Exhibit explores hunting's historic ties to state's culture
Since prehistoric times, deer hunting has helped define the essence of life in Michigan. While it has evolved over the years from a fundamental means of survival for Native Americans to an enormously popular sport enjoyed by more than 700,000 hunters every year, deer hunting remains integral to Michigan's very identity. From the traditions and culture of deer camp - so familiar to Michiganians they became immortalized in Jeff Daniels' movie "Escanaba in da Moonlight" - to the prominence of hunting-based businesses like Jay's Sporting Goods and hunting advocates like Fred Bear and Ted Nugent, deer hunting is a key part of Michigan's distinctive character.
"A-Hunting We Will Go: Deer Hunting in Michigan," a special exhibit that opened Aug. 4 at the Michigan Historical Museum in downtown Lansing, will tell the story of deer hunting in Michigan, with a glimpse at its beginnings and a focus on its development into the widespread pastime it is today. And it's a story the Michigan Department of History, Arts and Libraries and Department of Natural Resources are eager to share.
"Deer hunting has changed dramatically since prehistoric times - even in the last several decades - but the connection between those early Michigan hunters and modern hunters lies in a shared understanding of and respect for the animals they hunted, a love of the outdoors and a joy in the camaraderie of the hunt," said Phil Kwiatkowski, director of the Michigan Historical Museum system. "This common bond is at the heart of what makes deer hunting a unique and important part of our state's heritage, and we're proud to fully share that story through this expansive exhibit."
Michigan, which offers more state-owned public land for recreational hunting than any other state east of the Mississippi River, ranks third in the nation in the number of licensed hunters. About 700,000 hunters take to the woods each fall in pursuit of the more than 1.7 million whitetail deer that live in the forests and fields of Michigan.
Since its formation the Department of Conservation, now the Department of Natural Resources, has sought to manage the deer herd and its habitat and to improve conditions for hunters, using the knowledge gained from research.
"Hunting is such a positive for Michigan, in that it contributes to wildlife management and conservation, provides a great opportunity for outdoor recreation and a shared family experience, and has a roughly $500 million impact on our state's economy," said DNR Director Rebecca Humphries. "The DNR, by aggressively and wisely managing the deer herd population, aims to ensure that Michigan's long, rich tradition of deer hunting continues to thrive."
"A-Hunting We Will Go: Deer Hunting in Michigan" will start with a look at the roots of Michigan's deer-hunting heritage and continue through the years to the present-day age of high-tech hunting.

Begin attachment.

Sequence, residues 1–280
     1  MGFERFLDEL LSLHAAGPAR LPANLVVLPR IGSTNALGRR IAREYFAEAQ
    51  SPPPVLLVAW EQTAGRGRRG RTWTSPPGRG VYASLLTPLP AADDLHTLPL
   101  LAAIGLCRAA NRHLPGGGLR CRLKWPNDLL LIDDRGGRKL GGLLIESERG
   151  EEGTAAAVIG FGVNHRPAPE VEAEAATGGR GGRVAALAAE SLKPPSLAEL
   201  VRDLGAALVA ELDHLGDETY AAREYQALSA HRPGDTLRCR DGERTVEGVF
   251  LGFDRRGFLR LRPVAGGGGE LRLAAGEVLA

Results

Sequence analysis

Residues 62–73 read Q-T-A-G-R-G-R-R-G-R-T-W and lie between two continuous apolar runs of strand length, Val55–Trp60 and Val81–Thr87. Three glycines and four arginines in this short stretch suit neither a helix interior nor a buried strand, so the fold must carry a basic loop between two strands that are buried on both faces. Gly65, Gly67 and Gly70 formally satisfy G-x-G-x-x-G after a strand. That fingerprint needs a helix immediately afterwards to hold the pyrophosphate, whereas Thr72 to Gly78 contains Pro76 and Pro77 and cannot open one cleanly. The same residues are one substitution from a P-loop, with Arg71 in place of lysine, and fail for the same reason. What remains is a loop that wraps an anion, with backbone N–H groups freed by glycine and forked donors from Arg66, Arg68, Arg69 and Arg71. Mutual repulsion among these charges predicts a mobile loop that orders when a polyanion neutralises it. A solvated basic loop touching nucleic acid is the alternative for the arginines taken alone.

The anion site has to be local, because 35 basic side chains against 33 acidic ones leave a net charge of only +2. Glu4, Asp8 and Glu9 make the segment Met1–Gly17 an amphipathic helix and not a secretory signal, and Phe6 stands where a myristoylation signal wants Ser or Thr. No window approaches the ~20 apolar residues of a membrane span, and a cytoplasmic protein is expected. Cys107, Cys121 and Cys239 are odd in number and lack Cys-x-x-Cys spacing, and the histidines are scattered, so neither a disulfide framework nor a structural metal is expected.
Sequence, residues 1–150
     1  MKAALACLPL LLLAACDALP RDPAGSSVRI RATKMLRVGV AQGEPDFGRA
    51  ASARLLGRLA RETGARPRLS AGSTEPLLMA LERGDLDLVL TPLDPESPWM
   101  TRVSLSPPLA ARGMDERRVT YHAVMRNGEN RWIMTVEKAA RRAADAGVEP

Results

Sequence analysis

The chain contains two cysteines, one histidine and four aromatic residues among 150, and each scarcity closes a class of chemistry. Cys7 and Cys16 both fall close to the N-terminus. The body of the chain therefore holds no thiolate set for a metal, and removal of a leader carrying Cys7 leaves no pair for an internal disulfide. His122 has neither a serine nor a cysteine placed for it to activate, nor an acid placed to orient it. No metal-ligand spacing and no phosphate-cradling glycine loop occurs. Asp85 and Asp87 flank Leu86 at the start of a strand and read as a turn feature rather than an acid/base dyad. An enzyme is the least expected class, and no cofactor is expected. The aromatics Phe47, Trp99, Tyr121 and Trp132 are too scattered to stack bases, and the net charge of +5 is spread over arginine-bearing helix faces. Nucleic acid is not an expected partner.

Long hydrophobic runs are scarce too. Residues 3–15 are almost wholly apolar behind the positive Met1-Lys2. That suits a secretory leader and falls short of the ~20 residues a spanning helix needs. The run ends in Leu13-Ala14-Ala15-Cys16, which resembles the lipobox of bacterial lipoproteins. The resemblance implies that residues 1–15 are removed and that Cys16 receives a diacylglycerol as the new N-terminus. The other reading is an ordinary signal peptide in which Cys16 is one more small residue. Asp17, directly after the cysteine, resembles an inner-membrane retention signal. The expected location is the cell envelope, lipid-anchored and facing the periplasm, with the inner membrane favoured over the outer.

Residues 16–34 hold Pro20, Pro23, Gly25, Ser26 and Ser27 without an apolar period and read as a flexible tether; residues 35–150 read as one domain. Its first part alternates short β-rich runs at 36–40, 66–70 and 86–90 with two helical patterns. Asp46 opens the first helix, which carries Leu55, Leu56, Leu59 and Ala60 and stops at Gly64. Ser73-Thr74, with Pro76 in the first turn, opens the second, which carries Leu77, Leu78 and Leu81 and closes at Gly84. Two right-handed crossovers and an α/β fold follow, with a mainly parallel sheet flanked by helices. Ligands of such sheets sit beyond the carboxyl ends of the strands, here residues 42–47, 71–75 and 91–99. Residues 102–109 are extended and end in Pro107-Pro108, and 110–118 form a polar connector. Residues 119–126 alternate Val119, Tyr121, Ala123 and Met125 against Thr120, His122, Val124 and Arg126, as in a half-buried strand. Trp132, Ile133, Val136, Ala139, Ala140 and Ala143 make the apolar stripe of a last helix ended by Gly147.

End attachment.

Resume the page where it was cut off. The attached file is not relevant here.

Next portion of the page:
For thousands of years, long before Europeans arrived in Michigan in the early 17th century, native Americans relied on deer for food and as a source for bone tools and other byproducts, Kwiatkowski said. "In the late 19th century, most deer hunting was done by professional hunters to acquire venison to sell as provisions for logging companies and railroad construction crews," he noted. "During the early 20th century, deer hunting became a sporting endeavor, but could only be enjoyed - for the most part - by the wealthy, who had the leisure time, the money and the travel capability to go on hunting trips."
It wasn't until the automotive industry gave the general public access to good-paying jobs, cars and vacation time that deer hunting became the popular and widespread sport that it is today.
Kwiatkowski said the exhibit will touch on various facets of Michigan's long relationship with deer hunting - deer camp culture, elite hunting clubs, the Department of Natural Resources and scientific research, "Escanaba in da Moonlight," Jay's Sporting Goods, Bear Archery, the connection between hunting and labor unions, the Mackinac Bridge, the lumber and railroad industries, and more - and will feature artifacts from tools used by prehistoric hunters to firearms through the ages to Ted Nugent's loincloth.
Hunters will have the opportunity to add their own buckbagging stories to Michigan's whitetail lore, as the Michigan Oral History Association will invite hunters to share their personal accounts of hunting, to be recorded and saved, during its annual meeting in November.
The Michigan Historical Museum is inside the Michigan Library and Historical Center, 702 West Kalamazoo St., two blocks west of the State Capitol in downtown Lansing. The main entrance and visitor parking are located north of Kalamazoo Street, just east of Martin Luther King Jr. Boulevard. Museum hours are Monday through Friday, 9 a.m. to 4:30 p.m.; Saturday, 10 a.m. to 4 p.m.; and Sunday, 1 to 5 p.m. Admission and weekend parking are free. The exhibit will run through Jan. 15, 2008.
The Michigan Historical Museum, the flagship of the Michigan Historical Museum System, is fully accredited by the American Association of Museums. For information, visit www.michigan.gov/museum or call (517) 373-3559, TDD (517) 373-1592.